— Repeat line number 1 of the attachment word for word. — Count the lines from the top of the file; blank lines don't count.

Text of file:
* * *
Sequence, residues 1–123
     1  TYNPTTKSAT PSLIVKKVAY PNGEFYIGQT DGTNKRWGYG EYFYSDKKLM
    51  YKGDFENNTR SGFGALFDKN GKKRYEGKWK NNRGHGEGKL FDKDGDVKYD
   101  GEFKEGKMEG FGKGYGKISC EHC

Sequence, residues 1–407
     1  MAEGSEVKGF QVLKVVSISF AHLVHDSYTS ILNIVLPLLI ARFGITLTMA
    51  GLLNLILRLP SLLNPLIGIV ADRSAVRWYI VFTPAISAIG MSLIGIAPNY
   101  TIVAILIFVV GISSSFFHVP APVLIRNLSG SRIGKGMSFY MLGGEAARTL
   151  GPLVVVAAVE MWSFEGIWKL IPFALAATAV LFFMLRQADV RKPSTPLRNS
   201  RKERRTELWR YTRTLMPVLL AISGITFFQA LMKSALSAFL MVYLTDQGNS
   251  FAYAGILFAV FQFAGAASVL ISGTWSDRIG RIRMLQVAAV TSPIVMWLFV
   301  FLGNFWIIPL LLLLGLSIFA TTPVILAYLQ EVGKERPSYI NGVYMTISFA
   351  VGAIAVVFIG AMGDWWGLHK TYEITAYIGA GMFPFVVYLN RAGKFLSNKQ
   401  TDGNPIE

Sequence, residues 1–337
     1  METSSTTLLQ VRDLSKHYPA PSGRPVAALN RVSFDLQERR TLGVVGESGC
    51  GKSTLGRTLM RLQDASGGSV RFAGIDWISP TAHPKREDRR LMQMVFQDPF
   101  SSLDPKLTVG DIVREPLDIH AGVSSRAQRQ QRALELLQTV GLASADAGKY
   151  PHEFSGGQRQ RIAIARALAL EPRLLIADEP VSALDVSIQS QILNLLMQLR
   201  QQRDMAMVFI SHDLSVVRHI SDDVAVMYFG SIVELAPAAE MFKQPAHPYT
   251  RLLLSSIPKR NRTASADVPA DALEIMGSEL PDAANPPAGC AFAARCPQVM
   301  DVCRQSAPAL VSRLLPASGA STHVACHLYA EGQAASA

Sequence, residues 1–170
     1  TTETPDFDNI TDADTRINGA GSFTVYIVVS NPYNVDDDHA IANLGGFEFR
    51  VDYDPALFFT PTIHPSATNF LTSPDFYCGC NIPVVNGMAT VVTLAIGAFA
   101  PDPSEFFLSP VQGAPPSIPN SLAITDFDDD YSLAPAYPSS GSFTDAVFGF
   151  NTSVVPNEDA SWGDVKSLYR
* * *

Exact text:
Sequence, residues 1–123